Naming Clubs and Shirts

In September 2006 NEC Harlequins played their first game in National Division One having been relegated from the Premiership the previous April. Amongst the unfamiliar teams that they would be playing in the 2006-07 were Pertemps Bees. For several weeks I wondered to myself where exactly Pertemps was. The word sounded vaguely Welsh, was it there? No, it turned out to be in Birmingham. A district? No, it turned out to be not a place at all but the sponsor’s name.

As the season progressed, NEC Harlequins and Pertemps Bees turned out to have little in common except the fact that their sponsors’ names also formed part of their club names. Quins kept winning and the Bees (for the most part) kept losing so that, last April, Harlequins were promoted and became unique: the only team in the Premiership to have the sponsor’s name alongside the club name. But this is about to change for it has been reported by Brand Republic, the advertising website, that Harlequins intend to ‘reclaim’ the Harlequin brand by ending their ‘club name’ association with NEC.

Like other Harlequin fans, as grateful as I am for the money that NEC has put into the club over the last decade (long before I ever started supporting the club) I am very pleased to see the end of the club name deal. I know that you can’t separate money and sport now, but it seems to me that some things should be kept clear of commercial interests. The club name should be one of those things. The club’s name is the heart of the club. It identifies the team, the men that run out on the pitch to win glory. It does not and should not identify the sponsors. They have put up the money but they are not out on the pitch putting their bodies on the line (as the saying is) for the cause.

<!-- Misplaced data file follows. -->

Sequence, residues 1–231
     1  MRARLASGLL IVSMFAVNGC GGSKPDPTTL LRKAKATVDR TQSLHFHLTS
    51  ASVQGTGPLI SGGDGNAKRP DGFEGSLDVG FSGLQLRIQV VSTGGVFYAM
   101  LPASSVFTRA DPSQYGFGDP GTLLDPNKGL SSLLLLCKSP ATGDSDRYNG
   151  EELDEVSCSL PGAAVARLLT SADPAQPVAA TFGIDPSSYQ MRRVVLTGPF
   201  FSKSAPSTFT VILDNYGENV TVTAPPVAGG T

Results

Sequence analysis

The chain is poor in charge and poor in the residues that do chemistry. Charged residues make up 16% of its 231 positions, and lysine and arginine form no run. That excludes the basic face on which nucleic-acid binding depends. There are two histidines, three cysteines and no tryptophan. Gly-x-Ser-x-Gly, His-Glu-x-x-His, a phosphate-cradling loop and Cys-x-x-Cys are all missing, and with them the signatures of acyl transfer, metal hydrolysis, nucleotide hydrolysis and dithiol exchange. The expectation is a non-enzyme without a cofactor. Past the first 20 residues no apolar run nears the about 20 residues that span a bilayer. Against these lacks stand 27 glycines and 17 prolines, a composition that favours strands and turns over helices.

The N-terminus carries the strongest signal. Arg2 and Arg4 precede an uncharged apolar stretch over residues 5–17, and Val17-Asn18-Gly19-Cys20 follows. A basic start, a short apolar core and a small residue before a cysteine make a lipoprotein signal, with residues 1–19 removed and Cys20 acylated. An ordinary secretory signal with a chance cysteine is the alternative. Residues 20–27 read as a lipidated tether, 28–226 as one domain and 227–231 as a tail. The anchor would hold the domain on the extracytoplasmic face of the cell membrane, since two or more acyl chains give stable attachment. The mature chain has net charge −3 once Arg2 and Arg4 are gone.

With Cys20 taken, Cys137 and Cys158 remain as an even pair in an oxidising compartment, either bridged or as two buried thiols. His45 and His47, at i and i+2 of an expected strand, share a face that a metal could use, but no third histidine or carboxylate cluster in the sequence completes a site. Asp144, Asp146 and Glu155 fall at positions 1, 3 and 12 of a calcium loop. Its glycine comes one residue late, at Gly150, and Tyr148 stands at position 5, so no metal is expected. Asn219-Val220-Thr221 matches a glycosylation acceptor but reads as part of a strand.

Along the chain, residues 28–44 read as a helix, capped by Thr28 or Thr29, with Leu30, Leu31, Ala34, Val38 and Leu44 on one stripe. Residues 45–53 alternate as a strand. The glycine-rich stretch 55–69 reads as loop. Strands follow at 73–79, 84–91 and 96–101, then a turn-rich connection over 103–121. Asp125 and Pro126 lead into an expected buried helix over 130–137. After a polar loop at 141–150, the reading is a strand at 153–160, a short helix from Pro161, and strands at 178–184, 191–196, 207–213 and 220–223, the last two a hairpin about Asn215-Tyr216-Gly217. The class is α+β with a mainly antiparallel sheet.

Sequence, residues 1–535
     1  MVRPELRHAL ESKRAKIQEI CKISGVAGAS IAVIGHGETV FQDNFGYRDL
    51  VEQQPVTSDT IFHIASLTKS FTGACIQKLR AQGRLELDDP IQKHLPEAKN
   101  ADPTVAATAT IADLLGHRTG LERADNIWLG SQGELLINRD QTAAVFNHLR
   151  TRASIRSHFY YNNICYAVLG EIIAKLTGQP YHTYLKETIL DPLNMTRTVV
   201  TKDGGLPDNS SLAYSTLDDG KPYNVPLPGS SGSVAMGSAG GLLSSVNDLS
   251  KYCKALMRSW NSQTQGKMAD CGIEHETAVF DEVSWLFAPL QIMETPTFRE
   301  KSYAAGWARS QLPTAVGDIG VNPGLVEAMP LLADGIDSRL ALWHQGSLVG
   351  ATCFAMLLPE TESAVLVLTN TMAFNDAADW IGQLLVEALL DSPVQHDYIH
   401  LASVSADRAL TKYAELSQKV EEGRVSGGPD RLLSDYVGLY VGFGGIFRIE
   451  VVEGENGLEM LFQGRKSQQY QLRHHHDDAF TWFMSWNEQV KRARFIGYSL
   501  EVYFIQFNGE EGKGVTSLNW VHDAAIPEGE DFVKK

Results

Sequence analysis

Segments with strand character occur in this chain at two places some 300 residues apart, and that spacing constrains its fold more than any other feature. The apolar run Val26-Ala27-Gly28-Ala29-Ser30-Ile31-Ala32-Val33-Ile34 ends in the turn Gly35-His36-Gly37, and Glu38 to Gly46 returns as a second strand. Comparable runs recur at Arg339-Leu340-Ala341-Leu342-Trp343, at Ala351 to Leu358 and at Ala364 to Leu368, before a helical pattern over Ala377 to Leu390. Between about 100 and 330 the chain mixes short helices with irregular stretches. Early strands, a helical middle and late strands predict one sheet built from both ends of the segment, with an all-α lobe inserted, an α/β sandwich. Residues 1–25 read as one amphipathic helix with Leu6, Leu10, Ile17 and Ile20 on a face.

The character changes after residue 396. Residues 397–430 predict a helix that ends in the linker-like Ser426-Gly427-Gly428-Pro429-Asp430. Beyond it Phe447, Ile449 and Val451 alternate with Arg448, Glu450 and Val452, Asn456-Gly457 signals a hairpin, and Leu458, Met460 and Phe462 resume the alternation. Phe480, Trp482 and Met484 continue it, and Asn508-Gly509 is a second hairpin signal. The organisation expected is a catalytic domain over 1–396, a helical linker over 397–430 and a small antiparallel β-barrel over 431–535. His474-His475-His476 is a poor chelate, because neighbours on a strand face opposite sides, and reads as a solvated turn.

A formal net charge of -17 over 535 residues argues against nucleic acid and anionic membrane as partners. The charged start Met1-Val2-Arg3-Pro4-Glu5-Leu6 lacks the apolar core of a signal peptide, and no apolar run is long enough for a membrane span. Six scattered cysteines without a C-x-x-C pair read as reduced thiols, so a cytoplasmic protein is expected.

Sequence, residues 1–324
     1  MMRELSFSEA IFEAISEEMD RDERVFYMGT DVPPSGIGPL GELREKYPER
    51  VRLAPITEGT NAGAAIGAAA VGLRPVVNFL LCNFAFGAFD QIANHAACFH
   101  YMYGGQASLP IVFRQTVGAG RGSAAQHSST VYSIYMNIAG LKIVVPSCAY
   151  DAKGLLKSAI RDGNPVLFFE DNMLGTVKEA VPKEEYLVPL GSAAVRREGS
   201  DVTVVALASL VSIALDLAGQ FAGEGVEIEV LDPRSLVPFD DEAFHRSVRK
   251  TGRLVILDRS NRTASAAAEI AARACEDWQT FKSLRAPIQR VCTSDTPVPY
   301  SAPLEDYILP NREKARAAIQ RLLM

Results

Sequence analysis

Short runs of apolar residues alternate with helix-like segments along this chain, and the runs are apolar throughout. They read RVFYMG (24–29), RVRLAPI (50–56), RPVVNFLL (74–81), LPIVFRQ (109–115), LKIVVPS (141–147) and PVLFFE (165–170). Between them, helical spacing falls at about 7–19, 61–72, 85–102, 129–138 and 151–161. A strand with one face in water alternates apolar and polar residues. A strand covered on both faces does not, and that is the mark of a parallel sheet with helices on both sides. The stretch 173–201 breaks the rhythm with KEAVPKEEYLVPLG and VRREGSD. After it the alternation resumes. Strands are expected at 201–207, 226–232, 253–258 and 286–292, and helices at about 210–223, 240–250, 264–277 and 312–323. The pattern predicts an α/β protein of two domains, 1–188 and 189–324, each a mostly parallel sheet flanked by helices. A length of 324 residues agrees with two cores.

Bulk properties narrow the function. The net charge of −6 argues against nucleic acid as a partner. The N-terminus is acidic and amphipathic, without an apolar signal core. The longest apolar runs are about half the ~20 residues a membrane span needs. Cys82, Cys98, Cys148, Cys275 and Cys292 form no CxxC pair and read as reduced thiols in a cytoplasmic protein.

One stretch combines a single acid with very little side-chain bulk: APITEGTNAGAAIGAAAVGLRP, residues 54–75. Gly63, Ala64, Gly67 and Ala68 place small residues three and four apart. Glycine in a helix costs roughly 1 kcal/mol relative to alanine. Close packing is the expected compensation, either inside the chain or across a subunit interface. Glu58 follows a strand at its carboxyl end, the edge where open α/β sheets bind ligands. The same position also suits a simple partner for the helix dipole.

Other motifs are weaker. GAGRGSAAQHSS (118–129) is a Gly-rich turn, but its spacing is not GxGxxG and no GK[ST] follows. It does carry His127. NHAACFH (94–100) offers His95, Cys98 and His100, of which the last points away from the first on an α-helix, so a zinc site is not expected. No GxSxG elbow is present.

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Ideally, I should prefer shirt sponsorship to be outlawed as the shirt is an extension of the badge for which the players are fighting. However, I realise that when it comes to club rugby, this is a non starter. But only for club rugby. In regards national teams, is it really necessary for them to have shirt sponsors? England and Ireland, for example, are both sponsored by 02. Now, neither the English or Irish Union is short of a few euros or pounds. Is the few extra that 02 pay them really worth the association of our countries with a mobile phone firm? I don’t think so. For that reason, I congratulate France which does not carry a shirt sponsor. When you see the French shirt, you see in your mind’s eye all that you know about France. Hopefully it will be good – the architecture, the wine, history etc. There is no sponsor to interupt your conscious or unonscious thoughts. But when you see the other five nations, you have to get past mobile phones, beers, whiskeys and a bank before you can imagine the countries that these players are bravely representing. However, it may fairly be said that people pay no mind to sponsor’s logos. While good, this is also sad because it shows how seeped in sponsorship we are. Oh, to be free of sponsorship! But now I am turning into a nostalgist (if that is a real word) – desiring a world which perhaps was never better than that which, for all its faults, we have now. Ironically, it seems, there is nothing as hard to bear as success.

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One thought on “Naming Clubs and Shirts

  1. The really big sponorship money comes from having the sponsor naming the stadium Thank God, we do not have the 02 Twickenham stadium ……. yet

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